Crown of Ancient Glory is an adventure module for the Dungeons & Dragons fantasy role-playing game. It was published by TSR in 1987, and designed by Stephen Bourne. Its cover art is by Keith Parkinson, with interior art by Chris Miller and cartography by Dave S. LaForce. The module's associated code is X13 and its TSR product code is TSR 9218. This module was developed and intended for use with the Dungeons & Dragons Expert Set and Companion Set rules."
The rule sets are the important part of this module, the adventure is for PC levels seven through ten and that's where we need to start.
"You must find the long-lost heir to the kingdom and recover the Sonora Crown, the mystical device without which a king cannot be crowned. Standing in your way are traitors and spies from within and invaders from without the kingdom of Vestland. Time is running out! Can you save Vestland from disaster?"
In '87 my uncle had been running a full blown operatic style campaign centered around the gods, demi gods, and mythological elements of Der Ring des Nibelungen (The Ring of the Nibelung) by Wagner with equal parts Jack Kirby & a solid foundation of TSR's Saga mini game. Now we as players thought we were pretty hot stuff and had conquered everything Uncle John had cooked up for us kids but he was a sadistic bastard. He hadn't even begun to pull out the stops on us kids. For the Fall campaign there was another TSR mini game classic he'd kept under wraps all Summer.
For his Fall campaign we found ourselves fighting the forces of Ragnarok once again! No the bastard pulled out "The Viking Gods Minigame: The Gods vs. Chaos in Deadly Final Conflict" from 1982! I watched him purchase this game back in '82 down at War & Pieces in West Hartford & suddenly this was going to become our party's downfall! I'd read the back panel and my heart sank like a stone.
"Odin, Chief of the norse gods, broods in his great hall Valhalla and prepares for battle. As time grows short, his warrior maidens, the Valkyrie, bring him noble Norse warriors who have died bravely in battle. Here the chosen warriors will feast and fight, training for Ragnarok — the final battle of the Gods.
On that day, the evil god Loki will lead an army of fire giants, and huge monsters against the Norse gods and their human allies. The earth will shake as the greatest battle begins.
Lead the Norse gods in their defense of the Tree of Life, or storm across the Rainbow Bridge in search of final victory. Which side will YOU command in this exciting game of Ragnarok?"
So how does all of this tie into the background of Crown of Ancient Glory? Each of the powers, kingdoms, etc from the module are aligned with the ancient powers of Norse mythology and events from the Der Ring des Nibelungen (The Ring of the Nibelung) which impacts on the over all outcome of the module in a very operatic fashion. PC's died in flights of operatic violence and heroic death. Did I mention that we listened to the opera several times during the fall and took trips to a local museum.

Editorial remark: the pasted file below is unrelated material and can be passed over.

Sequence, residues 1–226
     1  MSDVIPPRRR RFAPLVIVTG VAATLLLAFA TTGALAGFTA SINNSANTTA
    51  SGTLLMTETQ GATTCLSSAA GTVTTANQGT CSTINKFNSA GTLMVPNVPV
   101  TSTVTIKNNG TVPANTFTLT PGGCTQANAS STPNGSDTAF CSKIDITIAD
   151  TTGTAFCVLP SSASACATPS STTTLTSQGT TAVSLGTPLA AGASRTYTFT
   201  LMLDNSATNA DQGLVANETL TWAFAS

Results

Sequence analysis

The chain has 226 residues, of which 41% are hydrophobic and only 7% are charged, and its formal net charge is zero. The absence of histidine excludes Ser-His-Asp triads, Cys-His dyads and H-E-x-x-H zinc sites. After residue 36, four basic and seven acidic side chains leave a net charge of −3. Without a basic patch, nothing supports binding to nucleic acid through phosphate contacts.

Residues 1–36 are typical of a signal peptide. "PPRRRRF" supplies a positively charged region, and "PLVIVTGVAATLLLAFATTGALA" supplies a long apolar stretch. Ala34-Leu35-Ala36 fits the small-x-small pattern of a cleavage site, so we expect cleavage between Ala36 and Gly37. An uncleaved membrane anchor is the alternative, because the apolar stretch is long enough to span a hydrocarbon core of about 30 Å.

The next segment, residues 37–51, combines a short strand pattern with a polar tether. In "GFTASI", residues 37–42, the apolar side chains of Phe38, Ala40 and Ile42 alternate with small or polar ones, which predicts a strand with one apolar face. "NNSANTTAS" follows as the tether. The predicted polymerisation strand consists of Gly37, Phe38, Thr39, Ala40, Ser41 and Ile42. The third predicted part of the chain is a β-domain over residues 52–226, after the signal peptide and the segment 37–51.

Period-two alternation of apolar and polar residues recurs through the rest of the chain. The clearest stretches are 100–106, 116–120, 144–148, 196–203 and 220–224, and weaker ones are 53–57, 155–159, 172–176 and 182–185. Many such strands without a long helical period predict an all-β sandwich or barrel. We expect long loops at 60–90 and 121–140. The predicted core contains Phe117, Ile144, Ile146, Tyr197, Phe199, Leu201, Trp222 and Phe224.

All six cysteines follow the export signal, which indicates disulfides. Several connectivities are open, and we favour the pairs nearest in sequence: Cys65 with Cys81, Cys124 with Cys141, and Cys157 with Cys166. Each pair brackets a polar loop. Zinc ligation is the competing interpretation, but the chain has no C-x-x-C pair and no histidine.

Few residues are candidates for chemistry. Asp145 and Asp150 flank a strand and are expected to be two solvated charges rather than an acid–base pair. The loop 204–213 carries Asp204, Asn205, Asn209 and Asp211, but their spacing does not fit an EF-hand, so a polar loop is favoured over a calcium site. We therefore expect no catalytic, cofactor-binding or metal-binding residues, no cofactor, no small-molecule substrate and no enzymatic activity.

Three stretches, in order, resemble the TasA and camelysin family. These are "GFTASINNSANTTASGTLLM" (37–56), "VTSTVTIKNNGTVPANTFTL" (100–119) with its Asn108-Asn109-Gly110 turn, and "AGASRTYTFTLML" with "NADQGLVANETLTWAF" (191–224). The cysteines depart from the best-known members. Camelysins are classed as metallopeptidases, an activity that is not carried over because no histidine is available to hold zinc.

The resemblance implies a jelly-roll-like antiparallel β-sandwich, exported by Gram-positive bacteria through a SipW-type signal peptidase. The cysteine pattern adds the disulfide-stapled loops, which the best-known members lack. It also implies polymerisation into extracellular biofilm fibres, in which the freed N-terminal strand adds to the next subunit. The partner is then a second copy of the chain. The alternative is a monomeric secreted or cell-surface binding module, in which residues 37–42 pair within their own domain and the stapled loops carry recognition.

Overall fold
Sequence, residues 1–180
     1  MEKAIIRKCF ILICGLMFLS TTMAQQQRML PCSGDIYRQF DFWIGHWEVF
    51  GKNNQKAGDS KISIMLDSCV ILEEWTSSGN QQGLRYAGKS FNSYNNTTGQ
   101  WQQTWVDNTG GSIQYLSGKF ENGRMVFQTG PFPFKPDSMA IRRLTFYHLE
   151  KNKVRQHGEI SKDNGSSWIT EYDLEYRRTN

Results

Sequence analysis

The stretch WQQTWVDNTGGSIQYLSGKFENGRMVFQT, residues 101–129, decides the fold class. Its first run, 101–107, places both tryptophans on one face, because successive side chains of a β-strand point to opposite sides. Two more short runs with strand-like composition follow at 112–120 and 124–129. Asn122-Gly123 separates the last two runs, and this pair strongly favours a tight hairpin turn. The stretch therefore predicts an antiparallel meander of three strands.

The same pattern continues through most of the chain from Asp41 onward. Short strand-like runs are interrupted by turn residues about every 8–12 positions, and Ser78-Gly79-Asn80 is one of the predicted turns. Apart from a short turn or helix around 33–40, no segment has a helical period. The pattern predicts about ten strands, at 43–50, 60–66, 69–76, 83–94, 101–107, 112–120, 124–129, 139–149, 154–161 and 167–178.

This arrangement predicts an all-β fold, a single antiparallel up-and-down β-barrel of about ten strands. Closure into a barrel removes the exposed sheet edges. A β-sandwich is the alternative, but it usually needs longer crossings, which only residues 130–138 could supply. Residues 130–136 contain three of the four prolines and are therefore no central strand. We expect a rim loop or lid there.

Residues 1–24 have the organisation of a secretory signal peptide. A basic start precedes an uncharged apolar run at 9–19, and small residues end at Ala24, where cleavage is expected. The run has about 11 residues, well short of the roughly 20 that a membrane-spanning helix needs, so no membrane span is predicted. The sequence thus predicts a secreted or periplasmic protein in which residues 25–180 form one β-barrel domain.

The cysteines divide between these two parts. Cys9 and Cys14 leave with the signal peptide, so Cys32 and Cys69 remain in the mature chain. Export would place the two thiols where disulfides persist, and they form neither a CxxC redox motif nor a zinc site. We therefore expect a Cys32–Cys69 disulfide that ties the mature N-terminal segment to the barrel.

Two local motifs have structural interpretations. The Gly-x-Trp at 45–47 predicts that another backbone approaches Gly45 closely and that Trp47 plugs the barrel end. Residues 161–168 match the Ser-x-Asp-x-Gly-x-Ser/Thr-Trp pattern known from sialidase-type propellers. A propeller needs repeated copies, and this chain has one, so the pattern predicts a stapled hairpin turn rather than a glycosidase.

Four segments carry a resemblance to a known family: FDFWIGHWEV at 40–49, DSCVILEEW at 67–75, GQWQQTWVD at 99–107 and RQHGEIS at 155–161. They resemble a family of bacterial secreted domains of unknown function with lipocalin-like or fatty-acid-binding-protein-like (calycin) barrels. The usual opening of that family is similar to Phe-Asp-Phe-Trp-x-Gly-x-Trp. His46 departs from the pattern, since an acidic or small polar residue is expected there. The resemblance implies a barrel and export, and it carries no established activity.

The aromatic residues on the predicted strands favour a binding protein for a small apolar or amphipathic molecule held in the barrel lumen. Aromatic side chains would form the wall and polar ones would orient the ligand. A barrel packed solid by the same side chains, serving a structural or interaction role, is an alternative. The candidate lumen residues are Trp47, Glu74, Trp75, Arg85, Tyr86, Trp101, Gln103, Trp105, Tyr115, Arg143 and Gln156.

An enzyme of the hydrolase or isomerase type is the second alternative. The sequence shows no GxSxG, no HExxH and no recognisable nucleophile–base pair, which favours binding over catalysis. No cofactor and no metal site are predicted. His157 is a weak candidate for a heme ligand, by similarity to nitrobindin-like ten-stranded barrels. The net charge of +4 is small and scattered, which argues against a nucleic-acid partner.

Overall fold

There were several things that this Fall's campaign taught me:
- The module or adventure is always modified to the needs and expectations of the players but not necessarily what they're going to get. Many DM's twist & play with player expectation. Sure we were powerful PC bad asses but when we as PC's were messing around in mortal business we had to possess a human suit.
- More power brought more headaches and puzzles to play on the players minds.
- Operatic means that like the operas of old PC's familial ties are going tie tragically. Sure these are NPC ties but like in operas they can go down and provide the DM a revenge plot hook later on.
- Heavy is the head that wears the crown. There are all kinds of headaches that DM's can inflict whist the PC is trying on the 'big chair' ala Star Trek this gives some very interesting latitude.
- Mythology is filled with weird and unknown monsters don't be afraid to pull out some weird, dangerous, etc. that isn't in the AD&D 1st edition Monster Manual, Monster Manual II, or The Fiend Folio. Mythology is the mother of chaos
- Glorious death can be fun if its for a heroic purpose.
- Give PC's kingdoms if they've earned it and want to A.Retire their PC's or B. They want to actually provide a safe harbor for the rest of the party. Yes this actually came up during play.
- Sword & Sorcery is operatic and more then slightly melodramatic so its alright to go over the top with the violence, action, and magic!
- The kingdoms of Vestland & the Ethengar Khanate are always going to be forever at odds, the holy Sonora Crown has been stolen can be & should be fleshed out as the DM sees fit. Again this ties back into the mythological aspect. Artifacts & relics are always a headache.
- Leave yourself several leads as a DM to continue the campaign. Don't wrap each & every damn adventure hook up in a neat little bow
- Deities & Demigods is an essential book for pulling this sort of a campaign off. All of the major players is in there.
Here's where my uncle did a bit of shuffling around of using actual historical stand ins for the various module locations from Ruthin Monastery, to the Red Fangs the lost isles, to Seaforth Tower, & Narvendul and more. This made us go through lots of old history books to find clues to certain battles in England, Norway, Wales, etc. I'm beginning to see a pattern to '87's Fall campaign. We ended up with an isolated kingdom ruled by Ricky one of our warriors but this was a hard slog of a Fall campaign adventure. Winter was a whole other matter as the force of Hel began to pump up her efforts but that's another blog entry.